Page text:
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What Does It Mean to Be In Contempt of Court?

judge chair and gavel in courtroom

In any case where someone violates court orders, they may be held in contempt of court. What does this mean and what are the consequences of being in contempt? Our attorneys at Palmer Perlstein go over everything you need to know about contempt in family law and criminal cases.

Contempt of Court: Family Law

Contempt of court in family law cases typically involves court order violations. This could be court orders regarding child support, child custody, visitation, spousal support, or a protective order. For example: when a child support order is established by the court, those payments are mandatory. If the paying parent does not pay for a period of time and the receiving parent notifies the court, the paying parent could be held in contempt.

Other examples of family law contempt include:

  • Violating protective orders
  • Preventing mandatory child visitation
  • Deviation from the court-ordered custody agreement

If a party is found in contempt of court, they may face various punishments. First, they may have to serve a jail sentence. The Texas Family Code states that contempt can be punishable by up to six months in jail. The at-fault party may also have to pay fines, cover legal costs, and complete community service hours.

Another major consequence of contempt in family law cases is the loss or reduction of privileges. For example, if a parent does not pay their child support, the court may decrease the amount of time they are allowed visitation with their child.

It’s important to note that parents should never take action on their own if their ex is violating court orders. In other words, don’t punish your ex yourself because they are violating custody or support orders. If you do this, you could be found in contempt as well. Instead, contact our team at Palmer Perlstein. We can help you notify the court of your ex’s failure to comply with court orders and get them to take enforcement actions.

Contempt of Court: Criminal Law

Contempt is defined differently in a criminal case by being called direct and indirect contempt of court. Direct contempt of court occurs if someone in the court directly yells at the judge, impedes the court's abilities, or otherwise disrespects the court. One example of this is someone having an outburst during a trial. If this occurs, that individual may be stopped and held in contempt. Indirect contempt happens outside of the courtroom. This could be violating rules regarding juror communication or refusing to provide necessary evidence.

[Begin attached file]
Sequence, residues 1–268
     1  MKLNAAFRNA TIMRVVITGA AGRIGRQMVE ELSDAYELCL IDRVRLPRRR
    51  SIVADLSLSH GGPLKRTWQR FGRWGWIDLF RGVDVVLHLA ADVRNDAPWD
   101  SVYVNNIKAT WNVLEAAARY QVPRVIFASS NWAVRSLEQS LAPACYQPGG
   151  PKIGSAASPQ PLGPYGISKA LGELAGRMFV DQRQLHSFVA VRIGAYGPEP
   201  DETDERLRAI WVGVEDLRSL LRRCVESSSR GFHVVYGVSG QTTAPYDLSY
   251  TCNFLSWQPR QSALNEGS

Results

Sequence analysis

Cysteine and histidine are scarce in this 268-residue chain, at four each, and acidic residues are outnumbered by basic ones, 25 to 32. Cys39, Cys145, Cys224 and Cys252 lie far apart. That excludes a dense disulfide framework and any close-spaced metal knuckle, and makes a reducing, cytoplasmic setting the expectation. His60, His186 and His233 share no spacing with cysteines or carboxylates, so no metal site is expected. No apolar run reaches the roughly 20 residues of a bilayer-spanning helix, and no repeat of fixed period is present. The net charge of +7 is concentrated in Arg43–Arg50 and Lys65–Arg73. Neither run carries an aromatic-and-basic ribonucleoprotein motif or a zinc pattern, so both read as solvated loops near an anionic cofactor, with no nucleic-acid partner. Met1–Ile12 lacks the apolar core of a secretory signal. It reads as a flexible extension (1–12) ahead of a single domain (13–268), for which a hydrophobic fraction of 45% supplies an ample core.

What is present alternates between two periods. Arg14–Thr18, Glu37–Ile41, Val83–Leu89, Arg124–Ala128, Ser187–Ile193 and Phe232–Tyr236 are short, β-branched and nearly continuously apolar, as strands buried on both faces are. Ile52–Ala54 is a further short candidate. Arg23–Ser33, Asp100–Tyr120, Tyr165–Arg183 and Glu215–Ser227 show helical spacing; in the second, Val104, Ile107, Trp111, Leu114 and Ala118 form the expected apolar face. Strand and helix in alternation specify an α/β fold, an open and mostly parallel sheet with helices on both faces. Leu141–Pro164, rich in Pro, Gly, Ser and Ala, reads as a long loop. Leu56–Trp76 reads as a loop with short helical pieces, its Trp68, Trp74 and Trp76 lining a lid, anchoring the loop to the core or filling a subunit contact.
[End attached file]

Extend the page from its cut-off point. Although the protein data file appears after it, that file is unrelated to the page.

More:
Like with contempt in family law cases, those charged with contempt in connection to criminal proceedings face numerous penalties. Contempt is a misdemeanor offense which can lead to jail time and fines.

Handling Contempt Charges

If you have recently been charged with contempt of any kind, it’s important to work with a defense attorney. Contempt of court is a criminal charge and if you are found guilty, it will become a part of your criminal record.

Our defense attorneys can help you challenge your contempt charge:

  • You did not mean to violate the court order – it was accidental
  • You were unaware of the order you have been accused of violating
  • You were unable to comply with the order

These are all strong, valid arguments that our team at Palmer Perlstein can employ to help you avoid the harsh consequences of a contempt conviction.

Dallas Contempt Defense

You don’t need to handle your contempt charges alone. Contact us at Palmer Perlstein today to learn more about how our team can help you defend yourself.

Similarly, if you are struggling with someone who is consistently violating court orders, we can help you hold them responsible under the law. Contact our team and we can help you through the process of notifying the court and seeing that you get what is owed.